Shot some planes taking off the runway yesterday, but we were right behind the fence that we felt like an outsider; but it did give it sort of a doc feel. (Actually, me and my wife felt like paparazzi, as she was shooting stills, and me shooting video through the fence!) Word of common sense advice--don't stand behind a small plane when it's ready to take off! And if you do, hold on tight to your gear!!!

We'll be shooting more planes today, as they go through their time trials; this time, hopefully, no fence will be blocking our shots!

--JA

Jack Barker May 12th, 2007 09:55 AM

For the best results, follow Matthew's suggestions and imagine you are shooting with a gun, rather than a cam. For anything with speed, you must lead your target. With guns, it's because the bullet takes time to get to the target, but with film or video, it's because your moving target needs "face space," to show an image of where the target is going, rather than where it's been.

Paul R Johnson May 12th, 2007 12:27 PM

If it is a one-off, then why not add an extra camera. I occaisionaly attach a small JVC handicam to the top handle of my bigger cameras, and leave it on wide, recording. That way even if the fast moving plane gets a bit out of frame, you still have something. I don't normally do planes, but fast racing speedboats.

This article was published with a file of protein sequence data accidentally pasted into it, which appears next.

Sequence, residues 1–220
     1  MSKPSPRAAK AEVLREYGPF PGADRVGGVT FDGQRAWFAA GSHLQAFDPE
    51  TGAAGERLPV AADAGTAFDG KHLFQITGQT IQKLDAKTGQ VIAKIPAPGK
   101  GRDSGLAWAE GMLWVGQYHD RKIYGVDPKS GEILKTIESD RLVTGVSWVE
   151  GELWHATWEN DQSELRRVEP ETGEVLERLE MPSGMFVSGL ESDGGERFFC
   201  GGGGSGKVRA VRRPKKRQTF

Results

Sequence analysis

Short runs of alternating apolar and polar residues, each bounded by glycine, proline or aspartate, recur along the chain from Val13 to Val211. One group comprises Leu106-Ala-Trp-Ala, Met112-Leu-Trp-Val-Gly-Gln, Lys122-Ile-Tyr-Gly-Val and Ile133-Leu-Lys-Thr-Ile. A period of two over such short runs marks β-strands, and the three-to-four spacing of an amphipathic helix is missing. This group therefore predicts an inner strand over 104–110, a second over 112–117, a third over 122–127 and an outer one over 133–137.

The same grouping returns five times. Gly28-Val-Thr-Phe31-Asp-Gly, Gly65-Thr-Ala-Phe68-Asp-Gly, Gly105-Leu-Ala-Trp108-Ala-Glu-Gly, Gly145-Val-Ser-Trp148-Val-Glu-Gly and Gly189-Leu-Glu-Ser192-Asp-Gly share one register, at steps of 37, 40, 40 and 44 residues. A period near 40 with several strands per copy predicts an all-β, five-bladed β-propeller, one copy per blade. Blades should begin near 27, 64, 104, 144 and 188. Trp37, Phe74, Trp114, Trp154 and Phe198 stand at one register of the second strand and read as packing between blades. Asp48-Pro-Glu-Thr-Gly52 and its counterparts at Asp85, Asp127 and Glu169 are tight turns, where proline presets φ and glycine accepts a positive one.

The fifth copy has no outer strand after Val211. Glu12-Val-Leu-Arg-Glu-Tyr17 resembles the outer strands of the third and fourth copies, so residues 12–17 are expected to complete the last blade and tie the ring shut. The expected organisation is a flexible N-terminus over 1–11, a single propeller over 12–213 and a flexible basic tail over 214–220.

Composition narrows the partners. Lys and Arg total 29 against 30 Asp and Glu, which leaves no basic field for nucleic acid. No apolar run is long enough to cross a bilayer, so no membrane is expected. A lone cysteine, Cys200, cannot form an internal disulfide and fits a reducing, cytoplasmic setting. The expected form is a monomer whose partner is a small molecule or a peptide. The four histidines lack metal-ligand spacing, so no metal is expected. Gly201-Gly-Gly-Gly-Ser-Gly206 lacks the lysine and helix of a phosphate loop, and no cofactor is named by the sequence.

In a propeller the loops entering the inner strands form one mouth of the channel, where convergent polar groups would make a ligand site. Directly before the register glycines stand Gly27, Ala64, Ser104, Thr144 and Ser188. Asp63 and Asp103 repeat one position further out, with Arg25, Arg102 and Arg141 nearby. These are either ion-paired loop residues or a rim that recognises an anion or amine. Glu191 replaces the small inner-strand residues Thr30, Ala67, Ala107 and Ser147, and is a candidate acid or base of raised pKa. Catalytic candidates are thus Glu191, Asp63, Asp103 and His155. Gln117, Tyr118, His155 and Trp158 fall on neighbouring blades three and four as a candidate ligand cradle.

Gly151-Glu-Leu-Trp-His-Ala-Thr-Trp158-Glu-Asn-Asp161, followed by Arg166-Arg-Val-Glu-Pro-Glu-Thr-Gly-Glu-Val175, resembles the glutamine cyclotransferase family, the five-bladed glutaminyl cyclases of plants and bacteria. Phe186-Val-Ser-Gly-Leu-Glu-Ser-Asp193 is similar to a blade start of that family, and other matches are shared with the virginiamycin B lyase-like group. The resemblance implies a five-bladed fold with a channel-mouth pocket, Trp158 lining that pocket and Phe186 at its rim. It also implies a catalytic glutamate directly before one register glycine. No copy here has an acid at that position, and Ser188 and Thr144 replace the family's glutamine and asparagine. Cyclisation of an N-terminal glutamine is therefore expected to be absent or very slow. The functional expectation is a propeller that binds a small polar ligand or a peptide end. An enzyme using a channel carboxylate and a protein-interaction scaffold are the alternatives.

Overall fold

Jeff Anselmo May 13th, 2007 11:00 PM

Thanks Jack and Paul R for the replies and advice!

Alas, the Red Bull Air Race in Monument Valley has come and gone. Don't know if it was a success for Red Bull (don't think they sold all the tickets they needed to sell), but it was certainly fun watching and capturing those planes flying over 250mph! Whew!

Anyway, I shot in 24p but in faster shutter modes. It seemed to work fine and the images looked good. As far as following the planes, it was tough work. With the 20x, I really couldn't zoom in as close as I wanted as it got too shaky. Pulling back the zoom, I captured the action a bit better. I think I captured enough variety of the action, close and far. Hopefully, I can post some samples.

But for now check out their website: www.redbullairrace.com

--JA

Bob Hart May 14th, 2007 03:35 AM